One Giant Leap for Hologramkind

In what’s easily 2019’s coolest use of AV technology, the Smithsonian is projecting a giant holograph of a Saturn V rocket onto the Washington Monument this week; on Friday and Saturday it’ll come to life and recreate the launch of Apollo 11 in 1969.  Wish I could be there to see it (especially since I’ll be at Boy Scout summer camp instead!) but it’s awesome that they’re doing it at all.  And kind of appropriate as Gen. Michael Collins was both the Command Module pilot for Apollo 11 and later the director of the National Air and Space Museum.


I don’t have a lot more to say about the first moon landing that I didn’t already say in my 40th anniversary post, except that in the intervening 10 years (!) we’ve seen the death of Neil Armstrong, the end of the Space Shuttle program and more promises for the human exploration of space that may or may not ever come to pass.  Hopefully we have some awesome adventures in space ahead of us, but in the meantime it’s worth pausing to remember what we’re capable of doing at our best.

Election 2016: America RIP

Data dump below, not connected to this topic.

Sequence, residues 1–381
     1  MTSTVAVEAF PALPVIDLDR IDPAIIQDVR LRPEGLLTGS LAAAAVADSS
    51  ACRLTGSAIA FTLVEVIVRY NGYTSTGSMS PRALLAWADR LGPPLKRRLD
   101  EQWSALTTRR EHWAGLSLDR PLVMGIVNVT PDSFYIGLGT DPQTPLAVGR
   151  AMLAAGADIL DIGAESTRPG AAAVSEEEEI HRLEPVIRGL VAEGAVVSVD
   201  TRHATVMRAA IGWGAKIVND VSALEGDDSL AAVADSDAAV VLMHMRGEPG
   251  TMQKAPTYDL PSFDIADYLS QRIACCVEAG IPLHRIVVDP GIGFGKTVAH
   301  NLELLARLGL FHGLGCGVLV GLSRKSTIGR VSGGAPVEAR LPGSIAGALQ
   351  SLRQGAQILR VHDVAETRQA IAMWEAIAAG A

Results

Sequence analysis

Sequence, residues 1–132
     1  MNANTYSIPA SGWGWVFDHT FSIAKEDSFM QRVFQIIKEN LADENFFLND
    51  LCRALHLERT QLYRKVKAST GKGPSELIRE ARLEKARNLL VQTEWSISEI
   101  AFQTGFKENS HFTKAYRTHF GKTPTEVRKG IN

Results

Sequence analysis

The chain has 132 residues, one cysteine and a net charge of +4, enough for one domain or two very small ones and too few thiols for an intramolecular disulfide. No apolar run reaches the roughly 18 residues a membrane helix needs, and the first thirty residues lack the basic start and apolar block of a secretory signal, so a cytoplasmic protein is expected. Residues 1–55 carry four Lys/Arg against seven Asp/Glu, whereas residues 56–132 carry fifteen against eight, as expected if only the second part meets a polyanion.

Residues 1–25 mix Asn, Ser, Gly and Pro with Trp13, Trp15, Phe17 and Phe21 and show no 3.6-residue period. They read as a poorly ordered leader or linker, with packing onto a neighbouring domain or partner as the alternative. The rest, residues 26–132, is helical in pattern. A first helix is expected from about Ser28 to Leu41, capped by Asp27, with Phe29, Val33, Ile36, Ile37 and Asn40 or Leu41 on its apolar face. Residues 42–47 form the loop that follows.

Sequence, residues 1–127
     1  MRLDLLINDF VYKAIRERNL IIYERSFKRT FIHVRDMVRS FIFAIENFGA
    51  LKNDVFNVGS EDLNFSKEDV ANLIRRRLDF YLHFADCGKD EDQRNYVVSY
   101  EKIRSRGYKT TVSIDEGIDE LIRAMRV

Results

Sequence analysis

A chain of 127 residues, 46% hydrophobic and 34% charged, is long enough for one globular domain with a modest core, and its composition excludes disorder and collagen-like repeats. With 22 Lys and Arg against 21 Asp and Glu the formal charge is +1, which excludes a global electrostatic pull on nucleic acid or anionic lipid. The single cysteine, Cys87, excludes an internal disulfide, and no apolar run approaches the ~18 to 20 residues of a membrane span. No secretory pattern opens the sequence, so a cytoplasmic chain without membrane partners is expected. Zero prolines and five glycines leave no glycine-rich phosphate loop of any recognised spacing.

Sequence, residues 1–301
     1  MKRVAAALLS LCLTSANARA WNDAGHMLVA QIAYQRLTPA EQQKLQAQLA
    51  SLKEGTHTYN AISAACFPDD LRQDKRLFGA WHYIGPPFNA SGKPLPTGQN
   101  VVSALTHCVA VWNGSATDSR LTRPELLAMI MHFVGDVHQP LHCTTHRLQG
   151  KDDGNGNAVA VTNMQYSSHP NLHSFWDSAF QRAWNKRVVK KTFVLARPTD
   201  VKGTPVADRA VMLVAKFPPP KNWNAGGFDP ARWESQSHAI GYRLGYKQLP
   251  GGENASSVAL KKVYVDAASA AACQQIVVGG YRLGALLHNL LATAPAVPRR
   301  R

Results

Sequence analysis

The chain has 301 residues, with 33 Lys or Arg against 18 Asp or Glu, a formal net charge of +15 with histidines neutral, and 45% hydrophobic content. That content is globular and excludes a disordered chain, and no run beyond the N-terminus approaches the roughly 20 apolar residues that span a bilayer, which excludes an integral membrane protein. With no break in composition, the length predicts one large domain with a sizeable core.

Seriously, America?  This is the  best you can do?  Donald Trump vs. Hillary Clinton?

Okay, I suppose Aliens vs Predator, Freddie vs Jason and MegaShark vs. Giant Octopus proved there are cheap thrills to be had whenever two monsters throw down, but let’s face it, what’s always missing in those conflicts is a contender to actually root for.  The fights may be spectacular, but in the end no matter which creature comes out on top, humanity’s on the losing end.

I like to consider myself an involved participant in the democratic process, having voted in every major election since 1984.  This time, though, I’ve seriously considered sitting it out, maybe just buying a bottle of bourbon on November 8 and toasting the end of the grand experiment that was the USA.  Hey, 240 years was a pretty good run, right?  But I know me, and I won’t pass up the chance to weigh in on the other issues on the ballot, so I’ll show up on Election Day, regardless.